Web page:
The Laws of Chance


Turquoise, acrylic on canvas, 24" x 30"


Paintings by Barbara Trachtenberg

I am an abstract painter who often works with found materials and collage, painting a canvas first, then adding detritus—found and old objects, broken things. At times a figure emerges and then a second one—a dialogue ensues. I listen, sniff and watch their faces. Working sometimes tempestuously, I’m compelled to move, breathe and push my body around my studio space to break through an excitement and anxiety that puts me onto the canvas or board. I want my work to be entered by the viewer.

Artists who inspire me use bold strokes and texture on canvas—hardened acrylic, found objects, gels, grout, crumpled paper, scraps of wood, an old torn apron, spray paint, cardboard. I collect new or kept pieces liked flattened aluminum and car parts I have found while biking or walking and put them in an empty backpack to combine later. I save the pieces for years or days and seek them out to re-view them, absorbing them into my visual memory along with others, until I imagine the start of a composition. However, that imagining can elude me as the process takes over. I desire the surprise. I question what those first strokes face me with. I can appear nervous and disorganized, placing and replacing my tools and materials until they feel right. At other times, I am methodical, though still without a conscious plan. Soon I settle into the work and my breathing changes as I explore, turning the painting this way and that and in the end, may wire a final abstract piece in more than one direction.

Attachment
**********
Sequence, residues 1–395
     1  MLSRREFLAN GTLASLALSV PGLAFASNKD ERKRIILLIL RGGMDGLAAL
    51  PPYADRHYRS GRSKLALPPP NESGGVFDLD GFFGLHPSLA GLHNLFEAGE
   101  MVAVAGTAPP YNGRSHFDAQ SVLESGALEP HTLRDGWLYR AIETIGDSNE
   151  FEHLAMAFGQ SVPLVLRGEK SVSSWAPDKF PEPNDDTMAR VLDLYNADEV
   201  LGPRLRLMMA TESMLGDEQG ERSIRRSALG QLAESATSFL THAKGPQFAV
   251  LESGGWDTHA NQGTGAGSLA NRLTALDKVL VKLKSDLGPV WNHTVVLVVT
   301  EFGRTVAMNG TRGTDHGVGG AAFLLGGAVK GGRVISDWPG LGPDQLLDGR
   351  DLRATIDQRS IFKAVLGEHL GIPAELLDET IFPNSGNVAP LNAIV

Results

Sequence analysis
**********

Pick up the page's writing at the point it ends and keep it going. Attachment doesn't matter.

I am drawn to paintings I want to touch. Without a plan, I don’t intend to present a figure, but at times one emerges. I love the quick moment before I attack a blank canvas, confronting my own fear while knowing I can rip off and repaint. I need the visceral, and paint thick, dripped, smeared and smudged. I pace in the music and space around me which keep me breathing into the work. My painting is emotional, aggravated, surprised. I often mutter alternately, “I don’t know what I’m doing,” or “Oh wow!” Working this way acknowledges there is no answer to anything, really: life is suffering and joy, confusion and clarity—full of contradictions.

I am also a narrative street photographer, where figures are clearly the subjects of my work. My background and training as a teacher and school psychologist in urban schools impact my work.

My painting is influenced by Robert Rauschenberg, Jean Dubuffet, Hans Hofmann, Gabriele Münter, John J. Murray, the Fauves and color.